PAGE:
Tag Archives: Susanna Loeb

Welcome to the Profit of Education website. Continuing the conversation begun in the book Profit of Education, we discuss the latest economic evidence on education reform.

Who Enters Teaching?

A bit over a year ago I wrote about work done by Dan Goldhaber and Joe Walch that showed nation-wide evidence of improving teacher ability. New results from “Who Enters Teaching?,” by Lankford, Loeb, McEachin, Miller, and Wyckoff, offers similar … Continue reading

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  1. As for the last, it’s probably loan forgiveness.

    I’ve been pointing this out for over three years, now. It’s probably less about “more higher scoring teachers” than it is “fewer low scoring teachers” because in 2002, the tests got harder. We have been consistently chopping off the bottom. Of course, there’s no evidence that this improves student outcomes.

    But “smarter teachers=smarter students”, like “stricter gun laws=less crime” and “tougher drug bans=fewer addicts”, is just a truism that people apparently need more time to figure out.

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NYC tenure…and waiting for the other shoe to drop

New York City, the nation’s largest school district, has made big changes in how teacher tenure is awarded. Susanna Loeb and coauthors find that the change led to a very small increase in tenure denial, but a huge increase in … Continue reading

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Heterogeneity in “learning that lasts”

One of the criticisms of measuring teacher quality with test scores and value-added measures is that test scores don’t measure learning that really matters, in particular that whatever test scores do measure isn’t something that lasts. However, there is increasing … Continue reading

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More experienced teachers get assigned higher scoring students

One suspects that more experienced teachers get handed easier to teach students. Not always of course, but on average. One mechanism is that more experienced teachers move to districts with higher socioeconomic status teachers, or move to “nicer” schools within … Continue reading

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Measuring test measurement error

Ever just have a bad day? Ever take a test on a bad day? One reason that test scores are imperfect is that scores partially reflect what a kid had for breakfast on test day or whether particularly interesting clouds were floating … Continue reading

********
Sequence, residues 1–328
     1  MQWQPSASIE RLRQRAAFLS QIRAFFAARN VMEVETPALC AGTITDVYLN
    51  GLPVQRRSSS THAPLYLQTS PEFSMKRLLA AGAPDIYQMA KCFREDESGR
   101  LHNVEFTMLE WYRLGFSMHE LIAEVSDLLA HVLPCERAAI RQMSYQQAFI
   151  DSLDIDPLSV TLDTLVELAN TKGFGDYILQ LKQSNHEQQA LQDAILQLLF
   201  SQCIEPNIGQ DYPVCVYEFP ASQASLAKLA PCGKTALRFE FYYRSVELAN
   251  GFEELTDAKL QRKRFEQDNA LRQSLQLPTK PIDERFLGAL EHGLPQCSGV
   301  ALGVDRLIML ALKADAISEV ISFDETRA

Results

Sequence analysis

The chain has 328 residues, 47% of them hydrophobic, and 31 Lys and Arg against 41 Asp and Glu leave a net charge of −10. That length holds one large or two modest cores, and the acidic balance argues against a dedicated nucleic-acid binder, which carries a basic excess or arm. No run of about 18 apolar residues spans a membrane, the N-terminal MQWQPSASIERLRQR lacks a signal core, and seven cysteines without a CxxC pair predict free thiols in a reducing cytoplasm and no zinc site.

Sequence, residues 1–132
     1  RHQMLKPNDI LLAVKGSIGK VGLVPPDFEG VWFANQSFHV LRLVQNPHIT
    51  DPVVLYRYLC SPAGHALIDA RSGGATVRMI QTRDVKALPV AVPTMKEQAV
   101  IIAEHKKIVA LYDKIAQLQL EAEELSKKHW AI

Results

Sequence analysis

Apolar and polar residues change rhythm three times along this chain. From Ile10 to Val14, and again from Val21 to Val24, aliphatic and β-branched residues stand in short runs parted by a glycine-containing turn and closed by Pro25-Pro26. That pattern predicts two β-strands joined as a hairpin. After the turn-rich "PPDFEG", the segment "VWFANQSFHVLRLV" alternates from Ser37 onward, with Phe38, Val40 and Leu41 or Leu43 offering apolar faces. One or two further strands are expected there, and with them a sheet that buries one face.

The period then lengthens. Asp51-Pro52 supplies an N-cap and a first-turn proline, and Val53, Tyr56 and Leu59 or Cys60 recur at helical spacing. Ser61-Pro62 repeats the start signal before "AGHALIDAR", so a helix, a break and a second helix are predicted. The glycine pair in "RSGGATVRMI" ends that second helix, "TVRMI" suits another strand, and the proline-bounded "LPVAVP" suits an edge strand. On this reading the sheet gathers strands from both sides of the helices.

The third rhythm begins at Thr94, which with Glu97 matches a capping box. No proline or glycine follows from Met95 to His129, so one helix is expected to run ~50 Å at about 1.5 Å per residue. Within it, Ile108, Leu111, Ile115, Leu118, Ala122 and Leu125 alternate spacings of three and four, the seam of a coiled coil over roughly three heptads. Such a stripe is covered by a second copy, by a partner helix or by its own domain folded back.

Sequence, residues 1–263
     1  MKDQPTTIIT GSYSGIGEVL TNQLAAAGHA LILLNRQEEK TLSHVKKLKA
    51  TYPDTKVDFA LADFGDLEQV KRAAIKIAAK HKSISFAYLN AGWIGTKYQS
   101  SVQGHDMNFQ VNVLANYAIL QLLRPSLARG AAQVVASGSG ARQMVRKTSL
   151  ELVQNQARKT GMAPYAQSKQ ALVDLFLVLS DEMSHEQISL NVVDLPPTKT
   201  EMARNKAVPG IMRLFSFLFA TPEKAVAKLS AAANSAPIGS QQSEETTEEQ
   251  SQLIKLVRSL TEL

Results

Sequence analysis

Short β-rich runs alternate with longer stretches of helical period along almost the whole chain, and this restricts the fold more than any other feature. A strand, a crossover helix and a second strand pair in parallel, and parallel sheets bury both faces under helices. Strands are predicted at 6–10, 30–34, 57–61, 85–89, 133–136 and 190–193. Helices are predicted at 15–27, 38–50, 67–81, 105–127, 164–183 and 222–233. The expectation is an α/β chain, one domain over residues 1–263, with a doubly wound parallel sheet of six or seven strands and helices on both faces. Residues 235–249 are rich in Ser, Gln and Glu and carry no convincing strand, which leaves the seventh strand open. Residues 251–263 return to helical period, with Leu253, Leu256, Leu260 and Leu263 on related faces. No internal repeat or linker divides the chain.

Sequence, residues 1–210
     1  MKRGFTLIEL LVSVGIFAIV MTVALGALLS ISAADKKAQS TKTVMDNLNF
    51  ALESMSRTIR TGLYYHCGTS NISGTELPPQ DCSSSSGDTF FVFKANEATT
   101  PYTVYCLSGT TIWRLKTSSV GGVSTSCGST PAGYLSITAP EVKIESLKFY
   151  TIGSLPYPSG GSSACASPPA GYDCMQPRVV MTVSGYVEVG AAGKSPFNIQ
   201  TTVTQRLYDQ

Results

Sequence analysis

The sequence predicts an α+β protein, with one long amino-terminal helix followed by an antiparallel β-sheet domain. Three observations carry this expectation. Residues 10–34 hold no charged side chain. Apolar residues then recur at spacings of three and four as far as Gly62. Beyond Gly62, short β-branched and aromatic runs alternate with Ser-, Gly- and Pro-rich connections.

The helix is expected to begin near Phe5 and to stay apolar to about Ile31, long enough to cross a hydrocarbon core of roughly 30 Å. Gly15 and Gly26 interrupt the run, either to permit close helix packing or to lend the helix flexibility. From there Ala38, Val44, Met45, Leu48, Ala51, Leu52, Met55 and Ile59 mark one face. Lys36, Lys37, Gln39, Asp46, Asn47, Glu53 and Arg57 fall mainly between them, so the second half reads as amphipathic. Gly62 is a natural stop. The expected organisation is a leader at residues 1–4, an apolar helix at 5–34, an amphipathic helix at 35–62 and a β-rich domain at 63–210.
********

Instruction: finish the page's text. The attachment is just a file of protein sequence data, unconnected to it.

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  1. Jesse Rothstein says:

    Do you have a link to the paper? I’d be interested to see it.

    In the North Carolina data, I worked out a few years ago that the published reliability for the test scores implied that gain scores had reliability around 0.2. If the published reliability is too high, gain scores are even less reliable than that.

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How Do Effective Schools Get Effective Teachers?

Since teachers are so important to effective schools, it’s awfully useful to understand how it is that good schools end up with good teachers. Susanna Loeb and colleagues have a new paper that looks at the pattern of match-ups in … Continue reading

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Teacher turnover harms student achievement

Does teacher turnover hurt learning? For a particular school, the answer must be “it depends who leaves and who comes.” However, Susanna Loeb and colleagues looked at teacher turnover for the New York City schools, and asked what happens on average. … Continue reading

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Ed schools matter

Ed schools matter to what the students of the students of the ed schools learn. That’s the lesson of a paper by Donald J. Boyd, Pamela L. Grossman, Hamilton Lankford, Susanna Loeb and James Wyckoff that sorted New York City value-added … Continue reading

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Passing Muster

The new Brookings report “Passing Muster: Evaluating Teacher Evaluation Systems” (authors: Steven Glazerman, Dan Goldhaber, Susanna Loeb, Stephen Raudenbush, Douglas O. Staiger, and Grover J. Whitehurst) offers a practical guide for moving forward on implementation of teacher evaluation systems. Teacher … Continue reading

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